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Poetry Sunday: It Is Not Always May by Henry Wadsworth Longfellow

May has been called the "queen of months" and for good reason. At least in the northern hemisphere, it is likely the most pleasant of months. But as the poet says, we should enjoy it while it lasts for it is not always May. It Is Not Always May by Henry Wadsworth Longfellow The sun is bright,the air is clear, The darting swallows soar and sing, And from the stately elms I hear The blue-bird prophesying Spring. So blue yon winding river flows, It seems an outlet from the sky, Where waiting till the west wind blows, The freighted clouds at anchor lie. All things are new; the buds, the leaves, That gild the elm-tree's nodding crest, And even the nest beneath the eaves; There are no birds in last year's nest! All things rejoice in youth and love, The fulness of their first delight! And learn from the soft heavens above The melting tenderness of night. Maiden, that read'st

Home again!

Yes, it's true! I am home again after my INTERMINABLE stay in the hospital and then a nursing home. (Well, actually a few days.) The old homestead never looked so good to me as when my daughter turned the car onto our street. I want to thank my readers who offered their good thoughts and wishes to me following my accident. You are SO much appreciated! The ankle is still broken and in a most uncomfortable "boot" so I'm learning to navigate a wheelchair and a walker. But it will heal and this will pass. It just gives me a great deal of appreciation and empathy for those who must deal with such encumbrances as a usual part of their lives. Again, thank you for remembering me, and keep sending that positive energy my way! 

Note to readers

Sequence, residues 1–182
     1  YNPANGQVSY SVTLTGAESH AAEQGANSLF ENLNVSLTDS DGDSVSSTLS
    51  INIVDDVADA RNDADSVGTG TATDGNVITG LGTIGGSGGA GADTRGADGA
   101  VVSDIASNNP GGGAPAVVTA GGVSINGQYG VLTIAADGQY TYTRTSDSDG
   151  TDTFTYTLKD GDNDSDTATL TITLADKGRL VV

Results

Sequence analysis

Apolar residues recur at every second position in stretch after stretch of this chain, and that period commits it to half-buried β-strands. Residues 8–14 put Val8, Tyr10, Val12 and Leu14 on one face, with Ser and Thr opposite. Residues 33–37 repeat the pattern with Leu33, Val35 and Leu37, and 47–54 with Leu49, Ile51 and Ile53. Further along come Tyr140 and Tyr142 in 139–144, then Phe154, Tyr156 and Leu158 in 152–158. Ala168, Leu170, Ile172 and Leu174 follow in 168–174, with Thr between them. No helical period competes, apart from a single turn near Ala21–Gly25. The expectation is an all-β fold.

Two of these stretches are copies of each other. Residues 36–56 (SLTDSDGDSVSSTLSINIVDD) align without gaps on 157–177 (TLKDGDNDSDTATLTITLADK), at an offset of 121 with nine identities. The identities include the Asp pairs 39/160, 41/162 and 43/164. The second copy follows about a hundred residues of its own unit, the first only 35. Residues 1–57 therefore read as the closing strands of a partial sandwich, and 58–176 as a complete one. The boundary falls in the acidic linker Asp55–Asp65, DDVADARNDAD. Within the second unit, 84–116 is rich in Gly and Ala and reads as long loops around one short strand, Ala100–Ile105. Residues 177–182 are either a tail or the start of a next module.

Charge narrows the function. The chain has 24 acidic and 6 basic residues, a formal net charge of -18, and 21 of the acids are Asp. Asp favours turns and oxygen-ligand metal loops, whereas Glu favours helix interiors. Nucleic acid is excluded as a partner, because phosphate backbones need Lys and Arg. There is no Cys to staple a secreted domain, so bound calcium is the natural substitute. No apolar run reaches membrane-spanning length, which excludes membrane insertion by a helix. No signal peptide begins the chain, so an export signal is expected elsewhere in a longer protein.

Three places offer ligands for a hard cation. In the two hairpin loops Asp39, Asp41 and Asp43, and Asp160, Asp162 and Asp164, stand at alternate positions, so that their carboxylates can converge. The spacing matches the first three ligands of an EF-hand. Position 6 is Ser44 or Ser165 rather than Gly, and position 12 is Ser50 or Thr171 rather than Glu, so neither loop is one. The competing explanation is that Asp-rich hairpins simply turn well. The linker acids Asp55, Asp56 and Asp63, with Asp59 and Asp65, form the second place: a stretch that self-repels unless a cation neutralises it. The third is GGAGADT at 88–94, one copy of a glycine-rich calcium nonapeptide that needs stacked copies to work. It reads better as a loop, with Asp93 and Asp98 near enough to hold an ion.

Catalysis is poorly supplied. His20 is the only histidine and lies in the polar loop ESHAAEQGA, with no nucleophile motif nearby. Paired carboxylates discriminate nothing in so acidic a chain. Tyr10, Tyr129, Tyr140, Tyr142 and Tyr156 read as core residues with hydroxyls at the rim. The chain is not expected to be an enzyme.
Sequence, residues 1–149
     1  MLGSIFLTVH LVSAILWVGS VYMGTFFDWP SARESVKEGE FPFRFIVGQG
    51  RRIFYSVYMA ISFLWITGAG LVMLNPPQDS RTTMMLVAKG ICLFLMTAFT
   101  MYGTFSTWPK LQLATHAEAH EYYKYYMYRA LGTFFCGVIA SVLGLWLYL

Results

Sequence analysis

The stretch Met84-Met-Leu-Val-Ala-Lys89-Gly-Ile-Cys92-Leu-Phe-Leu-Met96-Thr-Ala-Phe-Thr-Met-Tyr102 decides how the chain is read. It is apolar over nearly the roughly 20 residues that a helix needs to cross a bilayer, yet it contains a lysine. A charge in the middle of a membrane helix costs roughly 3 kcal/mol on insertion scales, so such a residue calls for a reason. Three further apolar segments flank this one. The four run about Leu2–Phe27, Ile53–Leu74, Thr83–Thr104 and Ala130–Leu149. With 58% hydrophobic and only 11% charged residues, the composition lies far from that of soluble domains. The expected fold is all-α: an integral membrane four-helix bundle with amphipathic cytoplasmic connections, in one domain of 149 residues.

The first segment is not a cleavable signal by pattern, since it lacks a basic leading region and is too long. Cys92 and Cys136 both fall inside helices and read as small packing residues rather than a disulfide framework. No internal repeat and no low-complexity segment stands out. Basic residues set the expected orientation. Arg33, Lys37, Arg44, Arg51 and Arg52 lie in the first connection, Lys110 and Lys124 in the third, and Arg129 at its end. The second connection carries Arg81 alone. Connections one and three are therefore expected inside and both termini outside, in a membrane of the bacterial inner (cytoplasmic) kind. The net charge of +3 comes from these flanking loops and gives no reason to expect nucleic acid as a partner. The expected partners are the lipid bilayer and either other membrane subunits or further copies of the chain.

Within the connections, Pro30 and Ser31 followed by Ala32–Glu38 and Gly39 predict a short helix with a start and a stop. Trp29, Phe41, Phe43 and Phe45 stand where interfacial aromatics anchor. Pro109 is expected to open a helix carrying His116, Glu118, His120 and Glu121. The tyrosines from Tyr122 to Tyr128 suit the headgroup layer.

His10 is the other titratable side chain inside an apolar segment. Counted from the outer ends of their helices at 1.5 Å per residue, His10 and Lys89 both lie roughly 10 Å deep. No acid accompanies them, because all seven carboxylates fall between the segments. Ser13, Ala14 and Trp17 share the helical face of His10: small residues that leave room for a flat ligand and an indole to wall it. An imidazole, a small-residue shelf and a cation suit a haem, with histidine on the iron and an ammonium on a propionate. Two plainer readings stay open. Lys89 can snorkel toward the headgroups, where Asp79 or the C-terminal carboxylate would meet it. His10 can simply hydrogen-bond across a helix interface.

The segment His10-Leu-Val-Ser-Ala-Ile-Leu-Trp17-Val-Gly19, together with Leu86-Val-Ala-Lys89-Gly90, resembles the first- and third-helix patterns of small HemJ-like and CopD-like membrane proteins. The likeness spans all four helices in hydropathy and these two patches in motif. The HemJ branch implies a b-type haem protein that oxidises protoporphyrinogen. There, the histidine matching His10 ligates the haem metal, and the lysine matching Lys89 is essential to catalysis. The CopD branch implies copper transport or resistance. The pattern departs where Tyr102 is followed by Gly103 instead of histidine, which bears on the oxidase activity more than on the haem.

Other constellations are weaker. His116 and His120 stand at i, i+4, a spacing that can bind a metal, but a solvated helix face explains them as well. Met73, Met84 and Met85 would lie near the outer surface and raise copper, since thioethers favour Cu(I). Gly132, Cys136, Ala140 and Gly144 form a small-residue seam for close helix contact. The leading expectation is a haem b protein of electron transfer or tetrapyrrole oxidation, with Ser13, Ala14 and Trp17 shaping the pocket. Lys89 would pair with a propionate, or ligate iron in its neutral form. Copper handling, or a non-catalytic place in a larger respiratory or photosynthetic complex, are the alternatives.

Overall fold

I am currently in the hospital, having fallen and broken my right ankle. After this I will have to go to a rehab center for a while so posting may be sketchy. Keep me in your thoughts as I try to heal.

This week in birds - #585

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  A roundup of the week's news of birds and the environment : My 'Christmas Cheer' dwarf azalea is in bloom. Obviously, its calendar or its name is a bit off. The plant was a gift to me on the death of my mother twenty-three years ago this month and I treasure it. *~*~*~* The swallowtail butterflies are beginning to make their appearance so it must truly be spring. *~*~*~* Are you ready for the solar eclipse on April 8 ? Plants and animals, unlike you, might not be able to anticipate the eclipse but they will respond as Nature disposes them to. *~*~*~* Climate change is increasing the chances of glacial lake floods in the Andes. *~*~*~* What are the signs that spring is truly here to stay? *~*~*~* Should orcas be split into two distinct species ? *~*~*~* Punxsutawney Phil and Phyllis have welcomed two baby groundhogs to the family. *~*~*~* How do birds manage to remember where they have stored food? It turns out they create a kind of memory barcode to guide them. *~*~*